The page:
In Hitler's Face Claudia Schmölders reverses the normal protocol of biography: instead of using visual representations as illustrations of a life, she takes visuality as her point of departure to track Adolf Hitler from his first arrival in Munich as a nattily dressed young man to his end in a Berlin bunker—and beyond.
Perhaps never before had the image of a political leader been so carefully engineered and manipulated, so broadly disseminated as was Hitler's in a new age of mechanical reproduction. There are no extant photographs of him visiting a concentration camp, or standing next to a corpse, or even with a gun in his hand. If contemporary caricatures spoke to the calamitous thoughts, projects, and actions of the man, officially sanctioned photographs, paintings, sculptures, and film overwhelmingly projected him as an impassioned orator or heroically isolated figure.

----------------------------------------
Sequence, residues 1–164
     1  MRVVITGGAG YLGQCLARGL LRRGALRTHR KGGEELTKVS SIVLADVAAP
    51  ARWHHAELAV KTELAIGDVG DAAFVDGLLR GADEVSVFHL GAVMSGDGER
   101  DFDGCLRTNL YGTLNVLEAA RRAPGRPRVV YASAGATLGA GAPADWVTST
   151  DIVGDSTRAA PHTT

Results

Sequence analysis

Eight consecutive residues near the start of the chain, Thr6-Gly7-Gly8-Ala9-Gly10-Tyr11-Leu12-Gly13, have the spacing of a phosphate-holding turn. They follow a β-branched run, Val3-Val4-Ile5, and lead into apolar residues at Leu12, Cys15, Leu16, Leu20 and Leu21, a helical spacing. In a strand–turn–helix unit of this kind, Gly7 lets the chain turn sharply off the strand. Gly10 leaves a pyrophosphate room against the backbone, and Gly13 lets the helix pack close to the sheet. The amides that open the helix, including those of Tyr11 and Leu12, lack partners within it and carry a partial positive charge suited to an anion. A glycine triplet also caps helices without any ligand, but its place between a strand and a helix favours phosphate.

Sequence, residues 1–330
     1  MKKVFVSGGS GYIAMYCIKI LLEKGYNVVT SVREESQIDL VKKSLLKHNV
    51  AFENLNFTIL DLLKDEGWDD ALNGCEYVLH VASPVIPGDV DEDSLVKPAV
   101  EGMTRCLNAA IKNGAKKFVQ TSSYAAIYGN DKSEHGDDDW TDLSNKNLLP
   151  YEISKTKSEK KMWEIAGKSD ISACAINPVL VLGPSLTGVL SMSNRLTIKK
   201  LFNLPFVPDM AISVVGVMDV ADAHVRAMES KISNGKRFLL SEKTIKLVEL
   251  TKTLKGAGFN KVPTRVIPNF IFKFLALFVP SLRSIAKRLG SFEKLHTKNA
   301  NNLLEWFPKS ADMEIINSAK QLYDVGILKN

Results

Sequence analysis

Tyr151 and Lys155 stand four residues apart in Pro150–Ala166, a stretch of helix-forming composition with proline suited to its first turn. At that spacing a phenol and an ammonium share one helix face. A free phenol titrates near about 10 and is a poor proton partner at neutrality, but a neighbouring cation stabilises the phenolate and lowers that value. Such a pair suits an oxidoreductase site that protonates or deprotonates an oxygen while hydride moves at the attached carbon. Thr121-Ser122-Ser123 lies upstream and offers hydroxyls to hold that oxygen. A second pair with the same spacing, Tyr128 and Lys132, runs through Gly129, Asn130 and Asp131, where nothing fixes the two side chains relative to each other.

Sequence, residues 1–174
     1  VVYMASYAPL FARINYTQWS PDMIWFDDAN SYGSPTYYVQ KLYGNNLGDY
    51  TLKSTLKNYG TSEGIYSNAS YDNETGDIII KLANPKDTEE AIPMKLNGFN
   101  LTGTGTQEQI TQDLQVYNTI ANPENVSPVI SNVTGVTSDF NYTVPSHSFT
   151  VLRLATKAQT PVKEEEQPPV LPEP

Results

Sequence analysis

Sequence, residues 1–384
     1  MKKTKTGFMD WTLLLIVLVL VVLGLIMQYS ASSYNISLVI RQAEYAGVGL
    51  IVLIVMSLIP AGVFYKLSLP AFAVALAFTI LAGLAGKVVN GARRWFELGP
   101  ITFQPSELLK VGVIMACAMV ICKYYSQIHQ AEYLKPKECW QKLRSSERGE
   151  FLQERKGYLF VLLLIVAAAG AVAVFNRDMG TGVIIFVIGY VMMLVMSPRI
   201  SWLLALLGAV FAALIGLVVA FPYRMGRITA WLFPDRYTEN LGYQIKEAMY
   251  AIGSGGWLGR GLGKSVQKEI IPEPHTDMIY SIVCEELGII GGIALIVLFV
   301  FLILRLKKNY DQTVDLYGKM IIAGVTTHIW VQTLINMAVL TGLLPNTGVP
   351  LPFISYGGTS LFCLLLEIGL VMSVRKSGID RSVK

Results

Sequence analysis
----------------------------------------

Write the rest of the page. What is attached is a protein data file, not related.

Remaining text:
Schmölders demonstrates how the adulation of Hitler's face stands at the conjunction of one line stretching back to the eighteenth-century belief that character could be read in the contours of the head and another dating back to the late nineteenth-century quest to sanctify German greatness in a gallery of national heroes. In Nazi ideology, nationalism was conjoined to a forceful belief in the determinative power of physiognomy . The mad veneration of the idealized German face in all its various aspects, and the fanatical devotion to Hitler's face in particular, was but one component of a project that also encouraged the ceaseless contemplation of supposedly degenerate "Jewish" physical traits to advance its goals.